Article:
As a separated parent, planning for summer break can present some difficult – though not insurmountable – challenges. To avoid having your summer vacation plans lead to disputes with your former spouse, here are seven tips to keep in mind:
7 Tips for Preventing Disagreements with Your Former Spouse
1. Make Sure You Have a Comprehensive Parenting Plan
The best way to avoid custody disputes during summer break is to include clear and comprehensive guidelines in your parenting plan. If you are going through the divorce process (or if you are still in the process of contemplating a divorce), making specific provisions for vacation time and other summer-related events can help prevent disputes down the line.
2. Make Sure You Know Your Rights Under Your Parenting Plan
If you already have a parenting plan, it is important to make sure you know your rights (and your spouse’s rights) under your plan. What does your parenting plan say about summer break and in-state or out-of-state vacations? If you are not sure, you can seek guidance from your attorney.
3. Discuss Your Plans with Your Former Spouse in Advance
Regardless of what your parenting plan says, it can often be helpful to discuss your plans with your former spouse in advance. If you are planning a trip, letting your co-parent know when you are going, where you are going, and how to contact your children while you are there can all help ease tensions and avoid last-minute disputes.
4. Plan to Be on Time
While summer schedules can get hectic, it is important to make sure you on time for picking up or dropping off your children with your former spouse. No one likes to wait, and failing to be on time could put you in violation of your child custody order.
5. Maintain Clear and Courteous Lines of Communication
Confusing text messages and poorly-worded emails cause many unnecessary disputes. When communicating with your former spouse about your summer break plans, take the time to say what you mean to say, and avoid letting any feelings of animosity affect what you put in writing.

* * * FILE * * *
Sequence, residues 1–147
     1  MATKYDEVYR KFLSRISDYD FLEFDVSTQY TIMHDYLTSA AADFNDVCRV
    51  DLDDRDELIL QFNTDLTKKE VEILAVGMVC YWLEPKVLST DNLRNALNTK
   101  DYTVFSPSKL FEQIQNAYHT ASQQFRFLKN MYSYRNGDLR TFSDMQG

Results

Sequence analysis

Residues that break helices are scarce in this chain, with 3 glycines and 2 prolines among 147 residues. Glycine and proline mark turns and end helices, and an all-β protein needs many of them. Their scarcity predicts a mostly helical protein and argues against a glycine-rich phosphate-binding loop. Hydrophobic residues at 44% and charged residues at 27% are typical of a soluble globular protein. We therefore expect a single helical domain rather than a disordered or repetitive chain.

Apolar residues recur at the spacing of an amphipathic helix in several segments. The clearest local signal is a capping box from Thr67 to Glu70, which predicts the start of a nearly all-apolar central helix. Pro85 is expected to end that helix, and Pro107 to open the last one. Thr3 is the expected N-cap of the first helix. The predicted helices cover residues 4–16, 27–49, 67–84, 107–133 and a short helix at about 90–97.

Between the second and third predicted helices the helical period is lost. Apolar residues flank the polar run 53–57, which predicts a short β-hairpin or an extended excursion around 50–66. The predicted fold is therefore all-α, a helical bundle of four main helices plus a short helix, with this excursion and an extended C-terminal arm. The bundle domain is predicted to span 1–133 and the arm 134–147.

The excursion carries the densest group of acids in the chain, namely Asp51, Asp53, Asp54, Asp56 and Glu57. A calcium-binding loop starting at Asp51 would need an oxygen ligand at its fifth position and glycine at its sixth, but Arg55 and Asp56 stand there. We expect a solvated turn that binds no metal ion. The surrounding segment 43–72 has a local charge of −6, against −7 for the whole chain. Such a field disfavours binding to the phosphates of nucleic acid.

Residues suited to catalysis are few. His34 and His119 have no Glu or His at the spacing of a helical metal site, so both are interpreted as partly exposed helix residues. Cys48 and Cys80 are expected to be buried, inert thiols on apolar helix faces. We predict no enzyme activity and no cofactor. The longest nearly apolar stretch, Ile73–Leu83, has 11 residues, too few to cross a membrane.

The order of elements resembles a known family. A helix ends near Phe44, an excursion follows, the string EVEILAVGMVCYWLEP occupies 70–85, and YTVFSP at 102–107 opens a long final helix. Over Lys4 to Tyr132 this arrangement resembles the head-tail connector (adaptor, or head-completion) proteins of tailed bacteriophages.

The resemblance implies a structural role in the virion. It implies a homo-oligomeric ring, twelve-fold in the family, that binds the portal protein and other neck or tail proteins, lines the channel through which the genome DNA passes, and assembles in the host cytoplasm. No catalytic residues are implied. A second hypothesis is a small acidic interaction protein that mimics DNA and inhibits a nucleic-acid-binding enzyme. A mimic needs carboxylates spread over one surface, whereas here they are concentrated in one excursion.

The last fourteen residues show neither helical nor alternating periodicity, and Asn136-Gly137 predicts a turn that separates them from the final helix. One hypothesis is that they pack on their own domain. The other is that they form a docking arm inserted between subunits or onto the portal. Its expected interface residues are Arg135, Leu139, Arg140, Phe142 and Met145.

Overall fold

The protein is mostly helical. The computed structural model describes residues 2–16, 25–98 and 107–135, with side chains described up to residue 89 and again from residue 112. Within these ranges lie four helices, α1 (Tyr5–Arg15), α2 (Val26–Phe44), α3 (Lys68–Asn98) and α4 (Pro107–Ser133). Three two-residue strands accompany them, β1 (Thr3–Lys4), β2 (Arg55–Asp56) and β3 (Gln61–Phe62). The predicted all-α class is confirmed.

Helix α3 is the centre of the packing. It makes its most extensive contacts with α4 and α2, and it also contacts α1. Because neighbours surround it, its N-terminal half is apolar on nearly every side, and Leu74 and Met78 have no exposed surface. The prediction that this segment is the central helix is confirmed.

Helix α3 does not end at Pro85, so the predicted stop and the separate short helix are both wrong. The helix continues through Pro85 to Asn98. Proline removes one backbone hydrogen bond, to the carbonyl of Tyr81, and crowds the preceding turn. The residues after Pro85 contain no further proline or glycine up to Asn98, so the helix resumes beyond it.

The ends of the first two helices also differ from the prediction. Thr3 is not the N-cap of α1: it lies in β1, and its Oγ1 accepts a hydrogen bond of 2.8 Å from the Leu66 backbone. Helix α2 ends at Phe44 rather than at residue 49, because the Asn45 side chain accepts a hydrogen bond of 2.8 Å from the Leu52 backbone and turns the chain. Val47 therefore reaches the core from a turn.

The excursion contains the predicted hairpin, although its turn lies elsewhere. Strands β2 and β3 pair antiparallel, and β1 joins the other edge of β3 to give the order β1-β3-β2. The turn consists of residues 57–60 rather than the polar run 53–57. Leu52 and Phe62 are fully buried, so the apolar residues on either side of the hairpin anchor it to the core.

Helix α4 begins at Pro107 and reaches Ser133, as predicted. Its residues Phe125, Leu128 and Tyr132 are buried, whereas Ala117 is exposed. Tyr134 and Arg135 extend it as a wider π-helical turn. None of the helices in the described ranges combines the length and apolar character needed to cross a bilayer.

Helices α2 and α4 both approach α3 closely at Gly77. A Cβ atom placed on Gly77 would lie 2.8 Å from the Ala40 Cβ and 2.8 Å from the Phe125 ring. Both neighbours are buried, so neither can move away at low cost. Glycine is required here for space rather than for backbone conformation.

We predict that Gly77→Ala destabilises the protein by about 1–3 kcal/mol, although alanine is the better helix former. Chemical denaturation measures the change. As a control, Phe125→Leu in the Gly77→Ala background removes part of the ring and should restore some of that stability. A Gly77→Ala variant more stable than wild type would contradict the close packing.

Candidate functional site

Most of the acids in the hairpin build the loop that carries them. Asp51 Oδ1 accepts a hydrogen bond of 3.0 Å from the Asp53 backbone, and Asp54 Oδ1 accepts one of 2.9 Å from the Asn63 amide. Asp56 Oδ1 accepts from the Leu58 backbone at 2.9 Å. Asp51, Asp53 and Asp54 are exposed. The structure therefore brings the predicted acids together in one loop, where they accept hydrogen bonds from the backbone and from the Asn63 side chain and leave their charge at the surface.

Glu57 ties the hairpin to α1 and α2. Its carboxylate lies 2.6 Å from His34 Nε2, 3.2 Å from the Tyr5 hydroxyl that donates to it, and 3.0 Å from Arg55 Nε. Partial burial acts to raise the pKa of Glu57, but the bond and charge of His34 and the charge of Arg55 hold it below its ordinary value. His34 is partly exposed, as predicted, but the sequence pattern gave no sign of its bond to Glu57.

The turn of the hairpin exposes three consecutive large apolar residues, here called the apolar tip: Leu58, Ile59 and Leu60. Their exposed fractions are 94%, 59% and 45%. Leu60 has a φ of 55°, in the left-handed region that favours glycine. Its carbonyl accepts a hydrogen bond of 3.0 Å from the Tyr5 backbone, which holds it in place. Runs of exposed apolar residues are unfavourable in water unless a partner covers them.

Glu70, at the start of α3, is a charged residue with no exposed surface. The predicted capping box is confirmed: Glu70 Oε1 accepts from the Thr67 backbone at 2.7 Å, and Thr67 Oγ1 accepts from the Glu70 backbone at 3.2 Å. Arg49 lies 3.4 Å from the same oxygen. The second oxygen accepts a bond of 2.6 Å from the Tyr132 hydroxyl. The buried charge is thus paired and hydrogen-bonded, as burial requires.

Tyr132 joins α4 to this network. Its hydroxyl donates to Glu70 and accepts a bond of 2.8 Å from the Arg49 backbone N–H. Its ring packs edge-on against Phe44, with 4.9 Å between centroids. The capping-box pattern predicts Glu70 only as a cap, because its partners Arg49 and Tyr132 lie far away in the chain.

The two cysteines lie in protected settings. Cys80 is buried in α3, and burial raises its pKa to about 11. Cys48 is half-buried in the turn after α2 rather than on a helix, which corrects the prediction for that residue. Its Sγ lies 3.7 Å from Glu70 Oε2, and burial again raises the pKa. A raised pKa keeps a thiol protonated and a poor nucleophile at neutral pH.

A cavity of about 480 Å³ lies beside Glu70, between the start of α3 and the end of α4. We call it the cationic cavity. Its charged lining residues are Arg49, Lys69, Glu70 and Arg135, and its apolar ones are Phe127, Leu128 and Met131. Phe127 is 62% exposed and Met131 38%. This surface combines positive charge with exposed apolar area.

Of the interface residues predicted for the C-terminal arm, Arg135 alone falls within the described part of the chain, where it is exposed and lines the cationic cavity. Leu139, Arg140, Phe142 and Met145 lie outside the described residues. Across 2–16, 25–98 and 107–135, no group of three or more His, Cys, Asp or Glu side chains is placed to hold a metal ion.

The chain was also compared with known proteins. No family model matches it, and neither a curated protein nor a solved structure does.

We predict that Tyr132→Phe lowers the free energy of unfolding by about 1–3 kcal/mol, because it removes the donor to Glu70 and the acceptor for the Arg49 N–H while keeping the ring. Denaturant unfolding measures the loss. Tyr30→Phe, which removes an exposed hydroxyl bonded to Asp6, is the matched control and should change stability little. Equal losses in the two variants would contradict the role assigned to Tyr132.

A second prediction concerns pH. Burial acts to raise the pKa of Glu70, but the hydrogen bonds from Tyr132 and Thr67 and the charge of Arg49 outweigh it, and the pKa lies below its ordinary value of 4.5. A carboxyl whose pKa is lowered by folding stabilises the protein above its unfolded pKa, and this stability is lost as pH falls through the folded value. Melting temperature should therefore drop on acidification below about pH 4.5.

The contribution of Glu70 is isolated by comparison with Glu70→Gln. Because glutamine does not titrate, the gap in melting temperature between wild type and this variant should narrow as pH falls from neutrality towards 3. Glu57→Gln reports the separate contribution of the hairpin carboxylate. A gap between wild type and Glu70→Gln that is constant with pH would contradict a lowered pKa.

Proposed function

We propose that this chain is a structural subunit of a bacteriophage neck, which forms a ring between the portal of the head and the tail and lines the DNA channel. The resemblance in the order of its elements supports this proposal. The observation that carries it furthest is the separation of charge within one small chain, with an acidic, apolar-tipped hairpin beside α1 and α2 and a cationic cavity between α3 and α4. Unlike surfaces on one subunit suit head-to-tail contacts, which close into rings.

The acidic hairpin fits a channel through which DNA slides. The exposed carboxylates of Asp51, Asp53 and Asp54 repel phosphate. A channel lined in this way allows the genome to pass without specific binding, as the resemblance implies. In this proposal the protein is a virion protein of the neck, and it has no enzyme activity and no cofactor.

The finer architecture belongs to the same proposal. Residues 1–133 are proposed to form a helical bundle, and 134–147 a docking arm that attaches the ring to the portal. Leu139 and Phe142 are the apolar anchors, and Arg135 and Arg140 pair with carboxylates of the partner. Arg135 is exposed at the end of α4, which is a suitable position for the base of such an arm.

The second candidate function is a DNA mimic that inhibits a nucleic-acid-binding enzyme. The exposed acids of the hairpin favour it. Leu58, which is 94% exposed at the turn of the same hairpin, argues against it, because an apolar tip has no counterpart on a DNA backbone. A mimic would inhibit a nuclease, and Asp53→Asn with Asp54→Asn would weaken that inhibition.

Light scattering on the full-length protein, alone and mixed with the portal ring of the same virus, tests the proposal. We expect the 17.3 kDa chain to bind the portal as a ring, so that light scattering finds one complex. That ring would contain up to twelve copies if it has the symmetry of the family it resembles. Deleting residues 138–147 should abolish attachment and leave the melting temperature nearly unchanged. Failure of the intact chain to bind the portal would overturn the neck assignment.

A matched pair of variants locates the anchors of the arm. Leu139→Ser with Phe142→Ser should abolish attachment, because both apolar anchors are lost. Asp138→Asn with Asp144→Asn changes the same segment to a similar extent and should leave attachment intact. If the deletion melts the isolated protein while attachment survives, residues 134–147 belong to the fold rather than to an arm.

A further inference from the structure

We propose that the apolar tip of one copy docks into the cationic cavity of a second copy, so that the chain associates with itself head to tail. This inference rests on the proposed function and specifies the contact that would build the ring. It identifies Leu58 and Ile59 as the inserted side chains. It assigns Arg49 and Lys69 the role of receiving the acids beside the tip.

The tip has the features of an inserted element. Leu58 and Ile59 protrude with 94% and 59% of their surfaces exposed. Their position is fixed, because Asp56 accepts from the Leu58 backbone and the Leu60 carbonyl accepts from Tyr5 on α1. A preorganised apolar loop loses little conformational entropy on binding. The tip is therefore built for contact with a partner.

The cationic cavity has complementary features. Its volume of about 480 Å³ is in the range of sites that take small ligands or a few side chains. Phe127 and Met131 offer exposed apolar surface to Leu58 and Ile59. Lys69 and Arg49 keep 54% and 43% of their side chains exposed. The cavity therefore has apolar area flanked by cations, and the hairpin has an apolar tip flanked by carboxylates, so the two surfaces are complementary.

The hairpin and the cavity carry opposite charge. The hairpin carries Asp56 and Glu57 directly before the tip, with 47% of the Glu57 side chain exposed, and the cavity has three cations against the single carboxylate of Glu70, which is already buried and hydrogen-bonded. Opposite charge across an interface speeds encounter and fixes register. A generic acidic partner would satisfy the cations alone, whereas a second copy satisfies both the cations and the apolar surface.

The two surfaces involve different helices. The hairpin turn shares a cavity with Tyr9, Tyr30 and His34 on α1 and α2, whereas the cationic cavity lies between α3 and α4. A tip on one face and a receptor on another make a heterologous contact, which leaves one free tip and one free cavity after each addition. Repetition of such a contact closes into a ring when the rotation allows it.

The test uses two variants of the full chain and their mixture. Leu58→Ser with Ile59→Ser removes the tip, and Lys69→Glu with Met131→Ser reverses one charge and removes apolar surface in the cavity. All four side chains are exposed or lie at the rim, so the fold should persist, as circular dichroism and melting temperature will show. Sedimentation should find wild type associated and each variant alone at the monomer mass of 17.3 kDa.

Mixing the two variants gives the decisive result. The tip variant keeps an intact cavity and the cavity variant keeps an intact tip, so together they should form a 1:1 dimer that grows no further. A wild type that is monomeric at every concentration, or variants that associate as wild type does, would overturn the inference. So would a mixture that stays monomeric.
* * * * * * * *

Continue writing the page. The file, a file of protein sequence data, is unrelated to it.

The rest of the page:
6. Avoid Putting Your Children in the Middle of Disagreements
Similarly, if you run into issues with your former spouse, make sure you keep your differences between the two of you. Do not use your children as messengers, and do not try to make them “pick sides” while you and your co-parent work on coming to terms.
7. Try to Be (Reasonably) Flexible
Finally, when it comes to avoiding custody-related disputes, a little bit of flexibility can go a long way. Parents should always take appropriate steps to protect their legal rights; but, under the right circumstances, working with your co-parent may allow you to find a solution that works for both of you.
Disclaimer: This Article Is Not Legal Advice.
Never rely on an article for legal advice as the law frequently changes, information may not be accurate, there may be exceptions to a rule, and reliance may be detrimental. Always consult one of our experienced attorneys for competent, current, and accurate legal advice.
Crooks, Low & Connell, S.C. | Divorce and Child Custody Lawyers in Wausau, WI
Whether you are preparing for a divorce, dealing with a post-divorce dispute, or facing any other custody-related legal matter, the attorneys at Crooks, Low & Connell, S.C. can help. To schedule a confidential consultation at our offices in Wausau, WI, please call (715) 842-2291 or request to speak with an attorney online today.